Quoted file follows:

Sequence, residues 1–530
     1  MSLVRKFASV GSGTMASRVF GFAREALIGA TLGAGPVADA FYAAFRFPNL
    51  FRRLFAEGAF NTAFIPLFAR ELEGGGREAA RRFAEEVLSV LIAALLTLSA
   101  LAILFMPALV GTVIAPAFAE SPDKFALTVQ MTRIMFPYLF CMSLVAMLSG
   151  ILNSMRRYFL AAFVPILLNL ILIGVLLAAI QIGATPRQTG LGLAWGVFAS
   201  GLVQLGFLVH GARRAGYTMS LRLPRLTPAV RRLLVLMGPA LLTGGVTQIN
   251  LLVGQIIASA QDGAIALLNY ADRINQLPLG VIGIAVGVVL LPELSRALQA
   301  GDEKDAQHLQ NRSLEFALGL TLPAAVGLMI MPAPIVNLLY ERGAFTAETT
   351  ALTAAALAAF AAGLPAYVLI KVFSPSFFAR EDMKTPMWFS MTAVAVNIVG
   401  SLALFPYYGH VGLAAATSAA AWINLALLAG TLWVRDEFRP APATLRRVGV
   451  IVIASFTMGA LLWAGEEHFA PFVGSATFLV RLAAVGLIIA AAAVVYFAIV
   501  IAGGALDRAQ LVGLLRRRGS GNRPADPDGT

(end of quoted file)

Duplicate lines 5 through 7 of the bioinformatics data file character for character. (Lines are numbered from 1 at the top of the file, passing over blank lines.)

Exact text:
   151  ILNSMRRYFL AAFVPILLNL ILIGVLLAAI QIGATPRQTG LGLAWGVFAS
   201  GLVQLGFLVH GARRAGYTMS LRLPRLTPAV RRLLVLMGPA LLTGGVTQIN
   251  LLVGQIIASA QDGAIALLNY ADRINQLPLG VIGIAVGVVL LPELSRALQA